3D Printing: Industrial Revolution Catalyst

August 5th, 2013 by

By Bryan Levey
VP Engineering

In a recent front-page article headlined “A Revolution in the Making”, Wall Street Journal writer John Koten heralds a New Industrial Revolution, characterized by ideas and technologies that are redefining manufacturing.  Massive armies of low-skilled workers toiling in large, dirty factories will be supplanted by skilled engineers and designers enabling more customized, more nimble manufacturing.

One of the revolution’s primary catalysts is 3D manufacturing – also called additive manufacturing – which has generated a lot of well-deserved media buzz recently.  3D manufacturing is both highly efficient and cost effective, providing extraordinary flexibility in fabricating things of all shapes and sizes, from sneakers to machines. Through detailed digital models, it’s possible to manufacture 3D objects in far fewer pieces, greatly streamlining the manufacturing process. For example, last year Nike began making the Flyknit, its first mass-produced sneaker, with the new approach and reports up to 80% less waste in manufacturing.

Late-night talk show host and car aficionado Jay Leno might seem an unlikely player in this 3D industrial revolution.  In order to keep his more than 200 cars and motorcycles, some dating back to the early 1900’s, in driving condition, Leno used to search far and wide for specialized pieces for his fleet.  Today with a specialized scanner and an industrial-grade 3-D printer, he can manufacture just about any arcane part he needs, saving both time and money.

At its most sophisticated, additive manufacturing allows machines to make other machines.  In England, a 3D printer has been able to replicate itself.  But additive manufacturing is only one piece of the next-generation manufacturing puzzle and although the Journal article centers on this burgeoning technology, it seems like all brawn and no brain.  Make a sneaker, yes…make a car part, yes…make an artificial limb, yes…make a human organ, possibly, but what will make these “items” think, move, communicate, or work together?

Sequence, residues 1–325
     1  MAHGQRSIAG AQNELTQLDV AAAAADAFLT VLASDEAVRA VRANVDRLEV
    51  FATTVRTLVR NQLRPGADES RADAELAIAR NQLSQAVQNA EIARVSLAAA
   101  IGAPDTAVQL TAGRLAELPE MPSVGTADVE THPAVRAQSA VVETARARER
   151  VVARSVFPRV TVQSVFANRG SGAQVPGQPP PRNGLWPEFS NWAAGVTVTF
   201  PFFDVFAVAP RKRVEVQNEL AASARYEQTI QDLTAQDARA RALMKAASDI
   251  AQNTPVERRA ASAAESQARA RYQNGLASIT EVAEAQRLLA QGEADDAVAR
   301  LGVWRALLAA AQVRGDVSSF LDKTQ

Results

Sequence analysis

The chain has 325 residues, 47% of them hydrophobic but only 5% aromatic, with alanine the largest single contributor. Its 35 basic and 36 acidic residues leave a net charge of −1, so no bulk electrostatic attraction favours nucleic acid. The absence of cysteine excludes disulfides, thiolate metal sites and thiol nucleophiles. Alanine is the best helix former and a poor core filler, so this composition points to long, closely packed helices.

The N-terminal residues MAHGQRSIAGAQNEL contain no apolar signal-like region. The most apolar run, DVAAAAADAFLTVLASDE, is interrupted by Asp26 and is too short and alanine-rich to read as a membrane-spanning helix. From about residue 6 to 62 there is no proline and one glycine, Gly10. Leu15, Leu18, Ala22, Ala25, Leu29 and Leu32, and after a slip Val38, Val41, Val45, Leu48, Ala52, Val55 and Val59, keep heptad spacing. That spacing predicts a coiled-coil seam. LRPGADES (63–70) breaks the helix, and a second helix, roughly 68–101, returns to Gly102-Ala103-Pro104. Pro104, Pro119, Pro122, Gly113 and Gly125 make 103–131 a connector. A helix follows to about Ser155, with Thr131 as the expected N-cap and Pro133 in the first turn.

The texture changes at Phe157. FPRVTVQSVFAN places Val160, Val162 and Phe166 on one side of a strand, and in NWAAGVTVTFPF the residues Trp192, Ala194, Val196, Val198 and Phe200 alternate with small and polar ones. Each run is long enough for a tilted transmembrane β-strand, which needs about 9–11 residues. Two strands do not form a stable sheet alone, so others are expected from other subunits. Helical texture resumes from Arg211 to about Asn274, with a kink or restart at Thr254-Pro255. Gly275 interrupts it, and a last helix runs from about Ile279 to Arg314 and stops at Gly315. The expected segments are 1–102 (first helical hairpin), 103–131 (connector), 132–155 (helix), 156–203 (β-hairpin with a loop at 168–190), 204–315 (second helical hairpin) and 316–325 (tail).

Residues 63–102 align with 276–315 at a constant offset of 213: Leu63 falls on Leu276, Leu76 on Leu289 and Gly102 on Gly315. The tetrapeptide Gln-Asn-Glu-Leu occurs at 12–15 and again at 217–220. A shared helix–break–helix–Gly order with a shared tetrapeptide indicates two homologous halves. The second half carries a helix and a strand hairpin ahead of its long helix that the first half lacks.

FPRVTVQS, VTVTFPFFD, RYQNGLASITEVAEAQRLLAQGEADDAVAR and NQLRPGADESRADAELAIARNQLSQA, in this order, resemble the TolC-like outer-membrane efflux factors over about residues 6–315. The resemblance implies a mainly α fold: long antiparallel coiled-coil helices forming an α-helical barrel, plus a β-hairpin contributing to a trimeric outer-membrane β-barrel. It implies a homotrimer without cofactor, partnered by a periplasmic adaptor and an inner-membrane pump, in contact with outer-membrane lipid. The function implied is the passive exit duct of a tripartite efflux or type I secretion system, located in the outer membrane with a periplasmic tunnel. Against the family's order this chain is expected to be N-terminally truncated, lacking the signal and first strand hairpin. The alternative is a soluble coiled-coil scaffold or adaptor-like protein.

Yes, 3D is surely a linchpin, but the New Industrial Revolution also includes other drivers – more affordable electronic sensors, the acceptance of industry standard protocols (e.g. EtherCAT or AVB), and the availability of off-the-shelf operating systems and software to give brains to the brawn (e.g. Windows with IntervalZero’s RTX/RTX64 real-time software).

With all these technology breakthroughs available today, the only piece left is the imagination and creativity of the designer/developer.

How far off are we from a world where a budding entrepreneur in his garage (albeit a large garage) could use the above mentioned pieces to create the production line for a personal jetpack, holographic TV, or automated surgical machine for removing tumors? That will be the true culmination of the next Industrial Revolution.


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